22-Year-Old Nanny Donates Part Of Liver To Save Sick Toddler's Life

"There's so much you can do to help others."

When 22-year-old Kiersten Miles found out that Talia Rosko, the 16-month-old toddler she had been nannying for just three weeks, was suffering from a rare liver disease that could kill her, she decided to take a huge step.

Miles offered to donate part of her liver to save Talia's life.

"It didn't seem like that much of a sacrifice," she said in an interview with The Washington Post"because I'd be saving a life."

Talia was born with biliary atresia, a condition that causes bile to build up and slowly destroy the liver. She was diagnosed with the condition when she was just 9 weeks old. Miles met Talia and her parents, George and Farra Rosko, shortly after the child was put on the donor transplant list.

It wasn't long after Miles found out about Talia's condition that she began researching organ donation. 

"I was just curious, I guess," she told The Post. After a bit of research, she realized that as a universal blood donor (someone who has type O blood) she might be a good candidate for a match.

She talked to her family about it. They were unfazed by her offer. "Everyone was very supportive through it all," Miles said in an interview with A Plus. "My mom has said to others that she wasn't really surprised with me wanting to donate because of how giving I am. My whole family constantly tells me how proud they are of me."

After talking with her family, she approached the Roskos with an offer to help their daughter if she was a match.

"I was very taken aback," Farra Rosko said in her interview with The Post. "I didn't know that she was this selfless — I've come to find out that this is who she is. She really is an angel on earth; I know that sounds silly, but she really is."

Some testing revealed that she was indeed eligible to be a donor. She decided to do it. Surgery was scheduled for both Miles and Talia. We asked Miles if she was afraid at all. 

"I wasn't really nervous at all during the whole time of testing and leading up to the surgery." she said. "The week before was the first time I felt some nerves. After all of the tests and talks with doctors I knew exactly what to expect so I think I was just mentally prepared."


On January 11, surgeons removed part of Miles' liver and rushed to implant it in Talia.

Kiersten Miles

The surgery was a success. Miles recalled the moment she awoke from surgery. "I don't know if it was all the emotions building up over time, but I asked one of the surgeons if I could see Talia," Miles told The Post. "He told me that I could definitely see her in the next couple of days. He said she was doing great. And when he left, I just started bawling... I think I was just really happy and really relieved at the same time."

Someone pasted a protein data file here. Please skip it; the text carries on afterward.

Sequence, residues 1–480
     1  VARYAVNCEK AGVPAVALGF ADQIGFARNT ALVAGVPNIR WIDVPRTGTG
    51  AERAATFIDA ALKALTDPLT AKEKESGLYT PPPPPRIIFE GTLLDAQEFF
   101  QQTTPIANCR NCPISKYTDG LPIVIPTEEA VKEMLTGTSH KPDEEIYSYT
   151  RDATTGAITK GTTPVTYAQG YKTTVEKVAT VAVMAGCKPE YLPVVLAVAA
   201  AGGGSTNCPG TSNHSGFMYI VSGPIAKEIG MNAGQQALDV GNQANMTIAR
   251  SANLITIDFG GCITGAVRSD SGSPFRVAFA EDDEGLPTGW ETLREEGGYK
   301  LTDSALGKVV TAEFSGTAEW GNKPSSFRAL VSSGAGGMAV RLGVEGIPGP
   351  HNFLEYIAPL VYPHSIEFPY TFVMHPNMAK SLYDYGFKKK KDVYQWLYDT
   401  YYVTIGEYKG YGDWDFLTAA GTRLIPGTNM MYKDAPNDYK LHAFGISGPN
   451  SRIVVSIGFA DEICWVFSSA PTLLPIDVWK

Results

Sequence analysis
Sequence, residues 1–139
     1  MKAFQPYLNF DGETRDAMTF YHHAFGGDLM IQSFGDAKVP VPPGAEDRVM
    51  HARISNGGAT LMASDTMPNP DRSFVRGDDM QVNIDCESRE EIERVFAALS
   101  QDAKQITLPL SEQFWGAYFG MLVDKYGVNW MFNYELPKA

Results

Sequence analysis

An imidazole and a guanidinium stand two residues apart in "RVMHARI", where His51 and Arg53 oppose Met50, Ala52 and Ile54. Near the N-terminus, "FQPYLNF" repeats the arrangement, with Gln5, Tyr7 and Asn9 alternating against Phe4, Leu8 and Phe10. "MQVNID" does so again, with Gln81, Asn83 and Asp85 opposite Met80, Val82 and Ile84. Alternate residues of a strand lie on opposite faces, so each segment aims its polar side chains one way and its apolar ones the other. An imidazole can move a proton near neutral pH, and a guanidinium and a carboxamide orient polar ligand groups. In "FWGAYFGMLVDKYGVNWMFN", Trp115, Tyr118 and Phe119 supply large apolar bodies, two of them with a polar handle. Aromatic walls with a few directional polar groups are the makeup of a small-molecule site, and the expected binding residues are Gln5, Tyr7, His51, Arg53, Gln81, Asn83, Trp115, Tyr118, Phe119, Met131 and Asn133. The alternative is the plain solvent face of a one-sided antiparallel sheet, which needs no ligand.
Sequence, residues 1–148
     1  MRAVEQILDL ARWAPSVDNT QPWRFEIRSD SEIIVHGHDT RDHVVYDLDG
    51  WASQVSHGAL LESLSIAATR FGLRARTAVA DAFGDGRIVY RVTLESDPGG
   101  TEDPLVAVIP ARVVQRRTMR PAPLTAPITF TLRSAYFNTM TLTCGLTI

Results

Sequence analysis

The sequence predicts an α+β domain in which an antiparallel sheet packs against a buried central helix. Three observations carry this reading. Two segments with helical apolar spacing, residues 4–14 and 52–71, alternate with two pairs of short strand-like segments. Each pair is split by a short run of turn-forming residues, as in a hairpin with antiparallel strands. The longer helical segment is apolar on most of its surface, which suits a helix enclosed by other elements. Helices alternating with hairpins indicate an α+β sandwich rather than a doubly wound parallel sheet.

Kiersten Miles

Now both Miles and Talia are on the road to a full recovery. "The first few days I dealt with some discomfort and pain but the transplant team did a great job managing it," Miles told A Plus. "Most of my time in the hospital I was just exhausted, my pain was very tolerable the majority of the time. It's been three weeks since surgery and I'm feeling great! I can't lift more than 10 pounds but besides that I'm pretty much back to a normal daily routine."

Kiersten Miles

Although the Roskos told The Post that their daughter will most like have to take anti-rejection medication for the rest of her life, Miles reports that the toddler is up and at it and going well. "She's been off pain medicine since she's been home," Miles told us. "She's crawling and walking around as if nothing ever happened. Her coloring is also great. Her eyes used to have a yellow tint but they're completely white now which is amazing to see."

"The whole experience has had a huge positive impact on my life, more than I ever could have imagined," Miles told A Plus. "It makes me want to keep paying it forward. There's so much you can do to help others. The response I've gotten from this is beyond what I ever expected. I've received so many messages from people all over the world. People take the time out of their day just to reach out and tell me they're inspired. I'm more motivated now to work towards my dreams and goals than I ever have been. One of those goals being to spread awareness for organ donation."

In a recent Facebook post, Miles further described the importance of organ donation.

"While I'm extremely humbled by all of the messages, my biggest hope going forward is that the awareness of organ donation spreads. Approximately every ten minutes someone is added to the national transplant waiting list. By becoming an organ donor you can save up to 8 lives."

For more information on organ donation please go to organdonor.gov. If you'd like to help the Rosko family with their medical expenses, please go here

All photos courtesy of Kiersten Miles.

(H/T: Washington Post)


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